Archive for January 20th, 2012

When the first direction in a recipe calls for a bicycle pump, you know you’re in for a good time. If anyone asks why you’re laughing, your response will be that ducks have a fat problem. Which is true enough; they have a lot of it, and you want to get rid of most of it before anyone takes a bite, but you also want it to hang around long enough to flavor the duck and keep it moist. The best method is to create a channel between the fat and the meat that gives the fat an escape route as it melts and continually bastes the meat while it’s cooking. That’s where the bicycle pump comes in. By inserting the needle of the pump just under the fat in the skin, you can force air under the fat, and presto, you’ve got your channel. It is best to use a hand pump, since a standing pump is ungainly. If you have a marinade injector, that works too, although it takes a little longer.

Prep: 30 minutes Dry: 2 hours
Grill: About 1 hour.

– Small bicycle pump with a needle attachment, or a marinade injector
– Kitchen twine
– Electric fan
– Roasting rack
– Disposable aluminum foil roasting pan.

Indirect heat, medium (325° to 350°F)
3- or 4-burner grill–middle burner(s) off
2-burner grill–1 side off
Clean, oiled grate
Indirect heat, medium ash
Split charcoal bed (about 2 dozen coals per side)
20 replacement coals
Heavy-duty drip pan set between banks of charcoal
Clean, oiled grate on high setting.

For the duck:
1 Long Island duckling, about 4½ pounds, visible fat removed
3 tablespoons soy sauce
3 tablespoons honey
¼ teaspoon Chinese chili paste with garlic
1 clove garlic, minced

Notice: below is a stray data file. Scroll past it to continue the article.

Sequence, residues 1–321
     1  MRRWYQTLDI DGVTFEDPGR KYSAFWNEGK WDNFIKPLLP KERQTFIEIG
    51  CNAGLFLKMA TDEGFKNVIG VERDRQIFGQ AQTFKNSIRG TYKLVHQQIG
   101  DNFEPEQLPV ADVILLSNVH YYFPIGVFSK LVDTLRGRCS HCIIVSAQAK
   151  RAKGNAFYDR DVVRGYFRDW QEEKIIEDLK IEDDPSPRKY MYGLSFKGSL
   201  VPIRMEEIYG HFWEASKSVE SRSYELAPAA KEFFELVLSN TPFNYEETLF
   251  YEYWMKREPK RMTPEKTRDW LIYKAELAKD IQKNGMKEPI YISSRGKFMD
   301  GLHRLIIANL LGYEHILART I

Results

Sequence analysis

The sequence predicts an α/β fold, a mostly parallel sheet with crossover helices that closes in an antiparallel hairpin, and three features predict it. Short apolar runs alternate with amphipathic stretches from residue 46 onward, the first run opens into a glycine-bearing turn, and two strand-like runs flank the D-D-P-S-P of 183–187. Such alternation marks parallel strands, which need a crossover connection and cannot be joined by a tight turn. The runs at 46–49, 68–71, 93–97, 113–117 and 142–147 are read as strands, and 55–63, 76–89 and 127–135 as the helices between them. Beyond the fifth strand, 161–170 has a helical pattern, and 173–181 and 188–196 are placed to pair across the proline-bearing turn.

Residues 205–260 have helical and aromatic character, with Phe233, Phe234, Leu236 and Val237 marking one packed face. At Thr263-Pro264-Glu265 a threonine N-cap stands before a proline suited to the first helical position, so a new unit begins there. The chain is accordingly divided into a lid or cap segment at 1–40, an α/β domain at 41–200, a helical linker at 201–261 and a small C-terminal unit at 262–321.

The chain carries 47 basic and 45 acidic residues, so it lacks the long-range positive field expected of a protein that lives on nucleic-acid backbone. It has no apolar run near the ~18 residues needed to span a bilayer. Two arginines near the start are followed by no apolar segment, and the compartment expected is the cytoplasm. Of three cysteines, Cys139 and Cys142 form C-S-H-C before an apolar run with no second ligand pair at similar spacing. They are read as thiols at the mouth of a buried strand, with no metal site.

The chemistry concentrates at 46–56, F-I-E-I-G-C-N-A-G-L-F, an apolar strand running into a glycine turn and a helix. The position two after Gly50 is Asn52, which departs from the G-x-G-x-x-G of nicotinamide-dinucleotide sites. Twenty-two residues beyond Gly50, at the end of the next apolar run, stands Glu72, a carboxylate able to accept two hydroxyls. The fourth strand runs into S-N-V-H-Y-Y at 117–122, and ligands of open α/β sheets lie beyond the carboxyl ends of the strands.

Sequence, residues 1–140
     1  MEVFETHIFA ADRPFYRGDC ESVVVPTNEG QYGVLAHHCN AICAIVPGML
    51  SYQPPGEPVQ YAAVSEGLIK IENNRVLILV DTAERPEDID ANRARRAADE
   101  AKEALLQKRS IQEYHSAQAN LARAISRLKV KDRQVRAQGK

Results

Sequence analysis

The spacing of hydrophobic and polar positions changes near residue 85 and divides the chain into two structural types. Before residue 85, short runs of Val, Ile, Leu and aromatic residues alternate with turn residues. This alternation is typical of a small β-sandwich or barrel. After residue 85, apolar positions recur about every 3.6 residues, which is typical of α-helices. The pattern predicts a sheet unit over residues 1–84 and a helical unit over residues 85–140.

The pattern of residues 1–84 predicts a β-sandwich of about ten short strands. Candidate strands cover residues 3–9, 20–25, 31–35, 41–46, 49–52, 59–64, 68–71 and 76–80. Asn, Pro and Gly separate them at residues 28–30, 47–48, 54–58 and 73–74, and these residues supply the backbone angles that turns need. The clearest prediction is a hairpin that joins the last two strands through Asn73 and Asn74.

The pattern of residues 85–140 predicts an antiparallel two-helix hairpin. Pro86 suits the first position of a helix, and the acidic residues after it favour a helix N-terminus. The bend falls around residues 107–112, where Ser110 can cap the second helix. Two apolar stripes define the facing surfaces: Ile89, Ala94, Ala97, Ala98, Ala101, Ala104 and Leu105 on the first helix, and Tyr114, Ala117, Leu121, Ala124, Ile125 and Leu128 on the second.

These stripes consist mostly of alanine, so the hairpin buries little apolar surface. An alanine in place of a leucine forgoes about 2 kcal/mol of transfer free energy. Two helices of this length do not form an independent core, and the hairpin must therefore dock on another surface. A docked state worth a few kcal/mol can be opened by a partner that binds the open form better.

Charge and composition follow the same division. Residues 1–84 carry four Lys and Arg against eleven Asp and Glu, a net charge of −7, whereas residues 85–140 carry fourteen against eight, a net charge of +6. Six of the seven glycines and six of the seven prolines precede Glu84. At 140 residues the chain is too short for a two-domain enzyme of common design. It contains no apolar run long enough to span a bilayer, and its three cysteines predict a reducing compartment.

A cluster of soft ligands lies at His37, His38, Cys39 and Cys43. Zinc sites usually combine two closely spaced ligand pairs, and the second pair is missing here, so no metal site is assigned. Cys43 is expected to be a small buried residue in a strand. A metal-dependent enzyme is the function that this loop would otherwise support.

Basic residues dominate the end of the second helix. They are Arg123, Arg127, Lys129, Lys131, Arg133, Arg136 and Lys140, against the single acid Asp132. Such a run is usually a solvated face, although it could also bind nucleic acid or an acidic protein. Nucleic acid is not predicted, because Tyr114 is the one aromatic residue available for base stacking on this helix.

For the chutney:
8 large, moist dates, such as Medjool, pits removed
1 clove garlic, minced
1 tablespoon peeled and minced ginger root
Finely grated zest and juice of 1 orange
¼ teaspoon Chinese chili paste with garlic
¼ teaspoon kosher salt, or more to taste
¼ teaspoon ground black pepper
2 scallions, roots trimmed, thinly sliced.

1. Extend the plunger of the bicycle pump. Insert the needle just  under the skin at the neck end of the duck. Depress the plunger,and the skin around the needle will puff up. Continue to pump air under the duck skin in the same way until the skin has been separated from the meat all over the breast and legs.
2. Heat a kettle of water to boiling. Put the duck, breast-side up, in a strainer set in a sink. Pour the boiling water over the duck. Hook a chopstick under the wings of the duck to hold them away from the body. Tie a string tightly around the neck and hang the duck over a sink or a large drip pan. Place an electric fan in front of the duck and blow air directly on it for about an hour to dry the skin.
3. Mix the soy sauce, honey, chili paste, and garlic in a small bowl. Brush over the duck and dry in front of the fan for another hour.
4. Heat the grill as directed.
5. Put the duck, breast-side up, on a rack set in the disposable roasting pan. Put on the grill away from the heat, cover the grill, and cook until an instant-read thermometer inserted into the thickest part of the breast registers 165°F, about 1 hour. If your grill has a temperature gauge, it should stay at around 350°F.
6. While the duck is grilling, prepare the chutney. Chop the dates finely and mix with the remaining ingredients. Set aside; the mixture will thicken as it sits.
7. Remove the duck to a large serving platter. Let rest for 8 to 10 minutes; carve as you would a chicken and serve with chutney.

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